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The Rediff Interview / Labh Janjua
'I wasn't aware of the politics in IIFA'
July 29, 2008
The name Labh Janjua may not ring a bell but he is the voice behind a host of foot-tapping Punjabi numbers like Mundiya tu bachke (Boom), Pyaar karke (Pyaar Ke Side Effects) and Soni de nakhre (Partner).
And Labh is determined to make it big one day. "Ab tak mein parde ke peeche tha, ab parda phaad ke aaonga! [I was behind the curtain until now. But now, I will tear the curtain and come out]" he exclaims.
Swati R Chaudhary gets him to tell us about his songs.
Labh Janjua is an unusual name.
My grandfather, Bakhtaur Singh, gave me this name. He says he was hugely benefited when I was born. Hence, the name Labh, meaning profit. I am a jat from Punjab.
Take us through your professional background.
I started singing at a very young age. I would participate in my school and college singing competitions. I learnt a lot under the tutelage of my grandfather. Later, I started singing on a professional level and released about 15-20 cassettes in Punjab. I also worked as a playback singer in many Punjabi films.
I began my Bollywood journey with Mundiya tu bachke (Boom). Boom is my claim to fame. It worked globally and gave me recognition as an artiste. Jackie Shroff [Images] heard it and wanted it to be a part of Boom. He was completely floored.
Kesariyo Rang (American Desi) also worked for me. But Mundiya tu bachke gave me a break in Bollywood. I struggled a lot when I came to Mumbai. I introduced myself to a lot of directors and producers. The response was overwhelming and disheartening as well. Some said, 'Arre yeh gana aap ne gaya hai? Kamaal hai. Aa jao baat kare.' Or else they said, 'Yeh aapne gaya hai, khair abhi to mein busy hu, I will call you later.' But the call never came.
Then came Chori Chori (Garam Masala [Images]), You and I (Naksha), Pyaar Karke (Pyaar Ke Side Effects), Dhol Bajake (Dhol), Soni de Nakhre (Partner), Rabba Khair Kare (Hattrick), Agg Lage Aaj Kal De Fashion Nu (Haal-e-Dil) and the latest, Jee Karda (Singh is Kinng [Images]).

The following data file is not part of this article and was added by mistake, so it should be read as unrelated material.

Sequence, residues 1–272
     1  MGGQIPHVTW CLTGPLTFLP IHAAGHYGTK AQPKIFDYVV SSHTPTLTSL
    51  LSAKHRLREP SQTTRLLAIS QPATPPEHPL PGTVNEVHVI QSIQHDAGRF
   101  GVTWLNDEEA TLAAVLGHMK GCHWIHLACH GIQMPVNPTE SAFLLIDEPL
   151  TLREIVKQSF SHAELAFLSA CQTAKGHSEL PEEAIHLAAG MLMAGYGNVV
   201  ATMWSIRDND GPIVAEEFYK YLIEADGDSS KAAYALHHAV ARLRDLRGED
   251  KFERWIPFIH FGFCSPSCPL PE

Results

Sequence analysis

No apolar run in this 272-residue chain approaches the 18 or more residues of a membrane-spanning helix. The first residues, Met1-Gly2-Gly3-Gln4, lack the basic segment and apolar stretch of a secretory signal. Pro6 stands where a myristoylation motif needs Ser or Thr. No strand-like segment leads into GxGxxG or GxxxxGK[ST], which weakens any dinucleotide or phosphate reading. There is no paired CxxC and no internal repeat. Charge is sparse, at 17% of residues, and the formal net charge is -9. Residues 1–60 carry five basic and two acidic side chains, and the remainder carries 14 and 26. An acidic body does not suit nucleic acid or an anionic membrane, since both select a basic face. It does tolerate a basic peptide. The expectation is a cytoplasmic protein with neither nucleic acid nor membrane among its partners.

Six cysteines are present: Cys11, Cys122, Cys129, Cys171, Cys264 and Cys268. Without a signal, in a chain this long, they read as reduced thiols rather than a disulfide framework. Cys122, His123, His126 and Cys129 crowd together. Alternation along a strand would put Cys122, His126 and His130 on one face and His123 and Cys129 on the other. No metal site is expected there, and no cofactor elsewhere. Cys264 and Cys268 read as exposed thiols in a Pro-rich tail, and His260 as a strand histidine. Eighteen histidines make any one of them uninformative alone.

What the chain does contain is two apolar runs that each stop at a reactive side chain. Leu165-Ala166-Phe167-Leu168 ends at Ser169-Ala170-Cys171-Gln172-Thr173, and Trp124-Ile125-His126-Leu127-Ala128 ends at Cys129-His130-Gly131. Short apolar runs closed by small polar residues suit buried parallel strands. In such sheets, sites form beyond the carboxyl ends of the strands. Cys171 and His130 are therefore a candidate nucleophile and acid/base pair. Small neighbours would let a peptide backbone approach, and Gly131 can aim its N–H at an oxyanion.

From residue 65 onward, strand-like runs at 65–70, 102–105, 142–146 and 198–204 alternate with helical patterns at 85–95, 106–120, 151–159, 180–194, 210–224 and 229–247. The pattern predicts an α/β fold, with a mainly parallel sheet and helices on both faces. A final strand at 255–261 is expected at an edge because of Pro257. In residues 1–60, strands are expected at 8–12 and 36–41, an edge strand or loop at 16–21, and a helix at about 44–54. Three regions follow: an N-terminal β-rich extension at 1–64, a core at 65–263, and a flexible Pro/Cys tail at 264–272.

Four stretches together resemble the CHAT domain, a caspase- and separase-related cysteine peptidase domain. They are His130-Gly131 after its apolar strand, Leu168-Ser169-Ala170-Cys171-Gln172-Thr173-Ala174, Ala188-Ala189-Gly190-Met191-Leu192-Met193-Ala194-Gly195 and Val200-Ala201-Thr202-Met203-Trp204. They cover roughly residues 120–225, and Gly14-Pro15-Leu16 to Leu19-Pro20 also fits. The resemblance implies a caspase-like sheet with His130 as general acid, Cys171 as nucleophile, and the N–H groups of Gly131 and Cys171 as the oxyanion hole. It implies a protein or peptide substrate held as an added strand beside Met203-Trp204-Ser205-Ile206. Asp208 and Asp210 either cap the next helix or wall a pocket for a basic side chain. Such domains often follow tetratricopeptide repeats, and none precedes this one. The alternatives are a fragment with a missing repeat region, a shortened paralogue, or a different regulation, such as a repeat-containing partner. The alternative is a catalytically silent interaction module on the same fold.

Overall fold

Soni de Nakhre from Partner was a big hit.
All my songs have been appreciated by audiences. Yeh gana bachche bachche ki zubaan par hai [Even children know this song]. But I was hugely disappointed when I didn't receive the IIFA award for it. I was called because I was nominated but I wasn't aware of the politics and 'settings' rampant here.
Everything is rigged in advance. Yahi se sab setting kar ke jaate hai. Ussi ko award milta hai jiske saath setting hai [Only those people get award, who have an agreement with the organisers]. I was aghast when the award was given to the superflop film Saawariya [Images] for Jab se tere naina, which half the world hasn't even heard of. A lot of senior artistes have boycotted the IIFA, and I am with them. I don't wish to be a part of such politics. I am very disillusioned with IIFA. Isn't a deserving person worthy of an award? It was unfair.
How tough is survival in this industry?
It is very difficult to survive and make a name for yourself in an industry governed by politics. I have struggled my way through and I have a long way to go. But my hard work and talent will pay off one day. With God's blessings, the struggle will become easier. The industry is flooded with talented singers and composers but they are not getting enough work. This is the way it is.
Take us through Jee Karda, from Singh Is Kinng.
I must thank Pritam for this amazing composition. He is a great friend. He is Bengali but he as an amazing command over Punjabi numbers. His sense of music is commendable. He made my work easier. I like Shimit Tandon and Sajid-Wajid also.
Jee Karda is a racy, foot-tapping Punjabi number. I wanted to meet Akshay Kumar [Images] but I did not get a chance. But Akshay is a wonderful human being.
Tell us about your upcoming songs.
I am releasing my private album Thoda Thoda Pyar very soon. It has eight songs. Then there is Shah Rukh Khan's [Images] Rab Ne Bana De Jodi, Toss, Kaash... Mere Hote and many more.
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